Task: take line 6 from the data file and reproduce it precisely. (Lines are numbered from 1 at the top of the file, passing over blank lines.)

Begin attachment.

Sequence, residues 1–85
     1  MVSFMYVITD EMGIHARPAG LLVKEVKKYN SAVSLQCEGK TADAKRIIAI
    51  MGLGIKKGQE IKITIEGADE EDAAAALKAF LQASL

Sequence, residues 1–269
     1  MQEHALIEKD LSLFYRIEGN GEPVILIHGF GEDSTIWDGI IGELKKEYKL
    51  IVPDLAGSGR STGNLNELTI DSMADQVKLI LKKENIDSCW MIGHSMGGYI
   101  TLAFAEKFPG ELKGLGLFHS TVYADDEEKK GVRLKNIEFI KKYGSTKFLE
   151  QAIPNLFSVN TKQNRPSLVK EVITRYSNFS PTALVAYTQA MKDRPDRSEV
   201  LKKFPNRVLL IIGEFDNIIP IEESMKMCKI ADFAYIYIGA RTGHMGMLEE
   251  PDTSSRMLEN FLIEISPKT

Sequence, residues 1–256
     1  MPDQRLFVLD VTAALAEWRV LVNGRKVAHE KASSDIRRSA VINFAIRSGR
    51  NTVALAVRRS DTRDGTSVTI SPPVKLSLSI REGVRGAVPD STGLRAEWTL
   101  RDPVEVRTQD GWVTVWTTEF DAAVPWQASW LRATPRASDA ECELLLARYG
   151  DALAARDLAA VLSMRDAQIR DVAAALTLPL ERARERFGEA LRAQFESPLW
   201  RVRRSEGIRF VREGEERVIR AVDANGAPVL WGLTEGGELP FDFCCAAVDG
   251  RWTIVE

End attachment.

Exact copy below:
    51  IVPDLAGSGR STGNLNELTI DSMADQVKLI LKKENIDSCW MIGHSMGGYI